CPI inflation peaked at 7.3% in Dec; we expect RBI MPC to go for a dovish pause on February 6, cut rates by 25bp in April
We grow more confident of our call that CPI inflation has peaked at December’s 7.35%. We track January at 6.7%, with onion prices coming off to an average of Rs 66 per kg in January so far from Rs 95 per kg in December. January CPI inflation falls further to 6.1%, on a point-to-point basis, as onion prices dropped to Rs 52 per kg as of writing. If onion prices fall to Rs 20 per kg, CPI inflation would drop to 4.3% in March. That’s why we do not really lose sleep over the CPI inflation spike driven by the temporary jump in onion prices as well as base effects that should reverse from February. After all, all fundamental drivers of inflation remain weak: high 250-plus bp output gap, tight liquidity, a good summer harvest as well as low ‘imported’ inflation due to relative rupee stability and subdued commodity prices. Not surprisingly, core CPI inflation has fallen to 3.07% from 3.68% in September in contrast to headline inflation jumping 335bp over the same period.
We remain far more concerned about rising real lending rates, on falling core WPI inflation, pushing back recovery than the jump in headline CPI inflation. Latest WPI data show core WPI inflation has slipped to 1% in December from 2.3% in March. While nominal MCLR has fallen 45bp since March, on RBI easing, real MCLR (MCLR-core WPI inflation) has shot up 83bp on falling core WPI inflation. Against this backdrop, we expect RBI MPC to go for a second dovish pause on February 6 and cut rates by 25bp in April.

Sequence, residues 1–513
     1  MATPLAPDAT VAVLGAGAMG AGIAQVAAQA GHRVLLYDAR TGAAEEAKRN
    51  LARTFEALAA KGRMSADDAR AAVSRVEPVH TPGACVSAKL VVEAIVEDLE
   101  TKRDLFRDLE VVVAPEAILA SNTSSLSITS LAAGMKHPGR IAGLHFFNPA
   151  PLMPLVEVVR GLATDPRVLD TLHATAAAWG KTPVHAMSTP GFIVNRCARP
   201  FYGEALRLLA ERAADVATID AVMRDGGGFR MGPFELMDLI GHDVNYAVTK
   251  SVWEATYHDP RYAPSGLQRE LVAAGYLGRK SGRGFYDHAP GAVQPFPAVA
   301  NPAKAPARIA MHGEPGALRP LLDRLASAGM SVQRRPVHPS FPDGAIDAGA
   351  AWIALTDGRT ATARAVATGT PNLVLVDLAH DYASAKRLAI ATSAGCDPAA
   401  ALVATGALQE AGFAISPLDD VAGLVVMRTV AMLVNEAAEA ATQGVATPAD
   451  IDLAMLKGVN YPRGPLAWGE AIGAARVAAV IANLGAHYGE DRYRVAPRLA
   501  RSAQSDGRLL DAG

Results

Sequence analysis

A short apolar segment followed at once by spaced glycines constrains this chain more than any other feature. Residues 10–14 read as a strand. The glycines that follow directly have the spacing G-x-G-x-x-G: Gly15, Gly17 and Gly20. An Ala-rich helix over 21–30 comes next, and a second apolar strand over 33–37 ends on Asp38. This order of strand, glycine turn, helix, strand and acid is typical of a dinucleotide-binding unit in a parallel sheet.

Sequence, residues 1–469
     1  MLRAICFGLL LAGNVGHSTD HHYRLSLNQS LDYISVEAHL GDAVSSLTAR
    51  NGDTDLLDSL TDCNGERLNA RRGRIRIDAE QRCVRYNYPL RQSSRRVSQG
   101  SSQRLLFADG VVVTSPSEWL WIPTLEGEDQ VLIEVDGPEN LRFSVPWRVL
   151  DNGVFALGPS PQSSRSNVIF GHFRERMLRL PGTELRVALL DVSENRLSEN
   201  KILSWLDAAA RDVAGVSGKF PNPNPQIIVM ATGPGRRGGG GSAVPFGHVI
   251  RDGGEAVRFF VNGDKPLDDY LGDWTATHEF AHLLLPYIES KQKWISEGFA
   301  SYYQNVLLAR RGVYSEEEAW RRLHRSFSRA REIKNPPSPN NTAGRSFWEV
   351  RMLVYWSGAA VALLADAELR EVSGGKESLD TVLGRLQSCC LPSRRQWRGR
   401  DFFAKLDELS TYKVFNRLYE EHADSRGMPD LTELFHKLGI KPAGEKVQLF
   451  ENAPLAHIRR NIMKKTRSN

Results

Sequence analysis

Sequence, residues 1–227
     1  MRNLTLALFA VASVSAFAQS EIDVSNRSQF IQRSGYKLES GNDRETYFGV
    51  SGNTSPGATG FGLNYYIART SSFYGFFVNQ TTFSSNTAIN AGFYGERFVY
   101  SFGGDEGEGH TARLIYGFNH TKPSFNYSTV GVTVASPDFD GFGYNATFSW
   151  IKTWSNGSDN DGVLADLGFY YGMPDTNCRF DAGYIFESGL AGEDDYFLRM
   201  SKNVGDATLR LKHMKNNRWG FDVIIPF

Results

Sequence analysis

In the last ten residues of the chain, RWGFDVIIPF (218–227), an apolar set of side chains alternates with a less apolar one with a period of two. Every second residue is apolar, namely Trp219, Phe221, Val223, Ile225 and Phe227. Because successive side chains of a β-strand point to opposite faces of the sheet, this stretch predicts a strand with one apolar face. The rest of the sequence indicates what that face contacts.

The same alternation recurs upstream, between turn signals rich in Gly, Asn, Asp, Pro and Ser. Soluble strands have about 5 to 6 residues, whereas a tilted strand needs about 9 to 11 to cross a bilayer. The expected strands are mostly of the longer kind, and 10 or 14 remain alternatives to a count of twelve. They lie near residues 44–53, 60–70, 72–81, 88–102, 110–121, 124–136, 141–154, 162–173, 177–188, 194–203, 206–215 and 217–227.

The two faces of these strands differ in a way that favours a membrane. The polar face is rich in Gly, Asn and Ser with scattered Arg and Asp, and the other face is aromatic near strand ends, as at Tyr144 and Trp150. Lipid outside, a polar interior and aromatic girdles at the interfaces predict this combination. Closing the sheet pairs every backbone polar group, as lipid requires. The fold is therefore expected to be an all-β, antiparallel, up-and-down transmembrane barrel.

Inflation has already peaked at 7.35% in December (see graphics). Our daily price tracker shows that both wholesale and retail prices of onions have started to come off. Onion prices are down 30% MTD. In fact, a point estimate places January CPI inflation at 6.1% with onion prices falling to Rs 52 per kg as of writing. So, when will inflation revert to RBI’s 2-6% mandate? By March, to 4.3%, assuming onion prices fall further to the regular Rs 20 per kg by then. Base effects will fade by February. Inflation may stabilise around 4% again by October, assuming normal rains—the Australian weather bureau sees rainfall conditions as neutral so far.
Fundamental drivers of inflation weak
We do not set much in store by the jump in CPI inflation as this is primarily driven by a temporary onion price spike and the statistical base effect of the dip in CPI inflation last year.
Substantial output gap restrains corporate pricing power. Our BofA India Activity Indicator is signalling the worst is over, albeit at a deeper and longer bottom.
Liquidity remains tight (excess M3 demand is 0.8%).
Agflation should be in check with winter rabi sowing improving to 9.5% year-on-year.
‘Imported’ inflation is muted, with RBI FX intervention limiting depreciation (1.1% FYTD) as well as soft weak world growth holding global commodity prices. We also do not see our expected 0.5% of GDP fiscal slippage pushing up inflation given the large output gap. We expect Budget 2020 target fiscal deficit at 3.8% of GDP (vs 3.3% budgeted) in FY20 and 3.5% in FY21. It is well below the long run 4.5% average.
(Excerpted from BofA Global Research ‘India Economic Watch: CPI inflation has peaked’, dated January 28, 2020.)